At the far extreme of innovation is the baccalaureate service which is such in name only. At Grinnell College, for example, the annual event has remained, but it has lost all the overt trappings of a religious ceremony. Gone are the hymns, prayers, litanies and anthems. The president of the Student Government Association serves as “master of ceremonies,” the president of the college makes comments, and there are two faculty and two student speakers, who are as likely to offer reflections on the year just ending as to address them-selves to questions of value and meaning. Awards are given by the Alumni Association. The affair is well attended, but it suggests what used to be called “Class Day” more than the mainstream of the baccalaureate tradition.

If we are to speak of extremes -- without pejorative intent -- at the other end of the spectrum would be those services planned by administrators (whether presidents, deans or chaplains) which have survived as full-blown Christian liturgies expressing the theological tradition behind the institution’s establishment. Such is the case, for example, at Duke and Southern Methodist, where the baccalaureate services are major events at which the institutions’ ties with the Christian tradition are celebrated in an unselfconscious fashion. One is left to wonder if Jewish faculty and students simply take the character of this service for granted and stay away, having assumed that their decision to affiliate with a church-related institution took their potential exclusion from certain university activities into account.

That some institutions choose to conclude the year with formal Christian worship is not necessarily to be understood as the persistence of traditional forms. Occidental College in Los Angeles experimented with an interfaith service but recently made a conscious decision to return to a thoroughly Christian liturgy, including such elements as confession of sin and declaration of pardon. The college chaplain provides the sermon. Last year, following an annual pattern of growth, there was standing room only in Herrick Memorial Chapel.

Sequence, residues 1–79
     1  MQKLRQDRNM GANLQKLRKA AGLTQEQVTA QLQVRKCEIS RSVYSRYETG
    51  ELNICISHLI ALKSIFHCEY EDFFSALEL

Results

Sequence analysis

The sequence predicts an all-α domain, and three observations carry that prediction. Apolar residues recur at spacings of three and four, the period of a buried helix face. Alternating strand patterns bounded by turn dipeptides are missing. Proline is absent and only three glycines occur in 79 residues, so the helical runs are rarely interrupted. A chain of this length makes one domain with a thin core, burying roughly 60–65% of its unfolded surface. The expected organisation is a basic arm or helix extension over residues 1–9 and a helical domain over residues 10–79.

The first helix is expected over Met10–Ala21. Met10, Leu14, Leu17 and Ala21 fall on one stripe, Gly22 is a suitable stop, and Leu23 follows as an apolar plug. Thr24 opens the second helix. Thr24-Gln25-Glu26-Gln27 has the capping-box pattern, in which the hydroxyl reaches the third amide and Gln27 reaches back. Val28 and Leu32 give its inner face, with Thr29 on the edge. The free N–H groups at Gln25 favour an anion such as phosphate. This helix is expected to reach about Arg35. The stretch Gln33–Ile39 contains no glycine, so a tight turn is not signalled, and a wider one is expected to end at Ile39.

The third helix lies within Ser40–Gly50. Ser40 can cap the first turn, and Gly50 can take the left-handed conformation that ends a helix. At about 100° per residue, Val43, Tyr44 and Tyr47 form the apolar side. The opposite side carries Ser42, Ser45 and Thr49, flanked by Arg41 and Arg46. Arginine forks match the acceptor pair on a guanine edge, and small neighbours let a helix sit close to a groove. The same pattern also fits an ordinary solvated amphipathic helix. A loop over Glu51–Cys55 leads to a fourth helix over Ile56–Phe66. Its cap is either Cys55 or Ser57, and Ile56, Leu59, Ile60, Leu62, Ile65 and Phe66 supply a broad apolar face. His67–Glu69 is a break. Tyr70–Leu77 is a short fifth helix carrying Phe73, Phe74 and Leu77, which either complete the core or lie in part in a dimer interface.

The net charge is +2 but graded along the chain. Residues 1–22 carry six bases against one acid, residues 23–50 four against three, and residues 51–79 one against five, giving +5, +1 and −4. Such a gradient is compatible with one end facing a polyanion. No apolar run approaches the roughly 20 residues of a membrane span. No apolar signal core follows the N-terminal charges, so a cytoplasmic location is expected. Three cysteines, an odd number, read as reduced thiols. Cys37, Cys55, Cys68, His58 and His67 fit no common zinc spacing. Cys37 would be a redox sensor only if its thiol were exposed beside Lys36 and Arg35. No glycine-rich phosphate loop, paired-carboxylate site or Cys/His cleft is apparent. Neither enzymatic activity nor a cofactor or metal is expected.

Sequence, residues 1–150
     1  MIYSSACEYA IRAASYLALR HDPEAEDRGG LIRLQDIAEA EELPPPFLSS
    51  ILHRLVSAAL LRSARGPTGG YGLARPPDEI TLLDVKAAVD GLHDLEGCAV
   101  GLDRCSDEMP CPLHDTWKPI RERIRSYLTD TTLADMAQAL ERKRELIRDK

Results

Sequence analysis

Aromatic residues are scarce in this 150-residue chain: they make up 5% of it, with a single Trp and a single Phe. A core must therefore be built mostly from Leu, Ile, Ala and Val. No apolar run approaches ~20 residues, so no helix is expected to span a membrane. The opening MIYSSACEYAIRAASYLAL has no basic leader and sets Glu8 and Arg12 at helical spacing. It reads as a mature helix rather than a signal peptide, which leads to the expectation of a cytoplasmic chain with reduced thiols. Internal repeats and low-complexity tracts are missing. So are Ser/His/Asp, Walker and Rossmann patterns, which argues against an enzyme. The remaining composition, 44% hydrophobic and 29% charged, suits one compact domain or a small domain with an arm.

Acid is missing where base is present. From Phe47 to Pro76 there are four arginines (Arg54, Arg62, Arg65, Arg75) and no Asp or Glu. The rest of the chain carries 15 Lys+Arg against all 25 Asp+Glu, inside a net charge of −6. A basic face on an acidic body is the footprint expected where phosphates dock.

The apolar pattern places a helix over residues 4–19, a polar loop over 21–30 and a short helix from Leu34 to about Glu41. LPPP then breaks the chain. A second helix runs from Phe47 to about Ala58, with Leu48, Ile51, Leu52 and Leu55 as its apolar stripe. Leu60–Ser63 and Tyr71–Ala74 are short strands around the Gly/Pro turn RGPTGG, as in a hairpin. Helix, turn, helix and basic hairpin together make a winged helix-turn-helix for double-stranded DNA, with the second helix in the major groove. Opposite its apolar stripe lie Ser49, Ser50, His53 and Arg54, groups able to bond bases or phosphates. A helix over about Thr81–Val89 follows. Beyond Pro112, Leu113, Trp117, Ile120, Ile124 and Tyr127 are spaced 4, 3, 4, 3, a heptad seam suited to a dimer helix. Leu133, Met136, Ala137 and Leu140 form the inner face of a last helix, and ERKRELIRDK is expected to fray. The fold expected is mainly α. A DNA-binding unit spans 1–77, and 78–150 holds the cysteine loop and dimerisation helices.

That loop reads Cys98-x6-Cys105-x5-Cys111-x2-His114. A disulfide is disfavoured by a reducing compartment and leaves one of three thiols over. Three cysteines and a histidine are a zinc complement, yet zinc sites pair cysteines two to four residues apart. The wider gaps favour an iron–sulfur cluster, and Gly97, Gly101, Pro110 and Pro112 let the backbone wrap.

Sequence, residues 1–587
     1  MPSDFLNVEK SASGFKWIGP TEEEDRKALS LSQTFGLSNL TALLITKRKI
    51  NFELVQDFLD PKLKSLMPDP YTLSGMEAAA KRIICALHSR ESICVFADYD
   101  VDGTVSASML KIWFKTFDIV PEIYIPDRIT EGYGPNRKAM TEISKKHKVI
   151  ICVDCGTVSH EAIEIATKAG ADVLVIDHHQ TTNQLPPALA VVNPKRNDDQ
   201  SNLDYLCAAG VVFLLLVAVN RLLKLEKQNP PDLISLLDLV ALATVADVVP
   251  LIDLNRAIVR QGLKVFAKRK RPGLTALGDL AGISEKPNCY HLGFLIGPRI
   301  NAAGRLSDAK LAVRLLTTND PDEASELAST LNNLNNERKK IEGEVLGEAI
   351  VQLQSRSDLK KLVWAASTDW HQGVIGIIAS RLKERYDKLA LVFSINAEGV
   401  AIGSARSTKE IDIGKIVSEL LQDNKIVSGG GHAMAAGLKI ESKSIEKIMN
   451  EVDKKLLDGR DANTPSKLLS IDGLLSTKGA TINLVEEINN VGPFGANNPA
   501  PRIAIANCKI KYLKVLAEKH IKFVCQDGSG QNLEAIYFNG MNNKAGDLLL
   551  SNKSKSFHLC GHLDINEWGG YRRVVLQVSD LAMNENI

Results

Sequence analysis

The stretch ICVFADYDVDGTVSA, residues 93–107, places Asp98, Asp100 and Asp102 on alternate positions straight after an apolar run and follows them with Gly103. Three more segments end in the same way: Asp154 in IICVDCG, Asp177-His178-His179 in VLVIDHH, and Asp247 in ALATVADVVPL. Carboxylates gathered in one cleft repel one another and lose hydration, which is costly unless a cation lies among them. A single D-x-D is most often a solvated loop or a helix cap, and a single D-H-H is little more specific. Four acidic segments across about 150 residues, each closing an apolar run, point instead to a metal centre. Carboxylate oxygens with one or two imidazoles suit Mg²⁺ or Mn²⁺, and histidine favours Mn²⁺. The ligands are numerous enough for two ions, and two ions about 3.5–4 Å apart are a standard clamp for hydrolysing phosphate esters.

More typically, the renewal of baccalaureate services has been accompanied by various attempts to accommodate the pluralism which is common to most campuses. How much accommodation there is varies from the excision of overt references to Christ in hymns and prayers, to the inclusion of representatives of other faiths in the planning process. That the new baccalaureate program at Cornell University would be thoroughly interfaith in character is not surprising, since the Cornell United Religious Work has functioned on an interreligious basis for many years. Indeed, an interfaith service is conducted each Sunday morning of the academic year in Sage Chapel.

At Stanford, the choice of baccalaureate speakers rotates among prominent representatives of Protestant, Roman Catholic and Jewish traditions, with the choice being made by an inclusive committee of students and campus clergy. At Yale, where by longstanding custom the president of the university provides the address, Jewish and Roman Catholic chaplains have recently been asked to participate by reading Scripture lessons. At Emory, another school whose president speaks at baccalaureate, care is taken to plan the service in a broadly inclusive manner even though the school’s church-relatedness is currently being reaffirmed in various ways. Being in close touch with its Christian roots is not viewed as incompatible with hospitality toward the many Jewish students who attend the Atlanta school.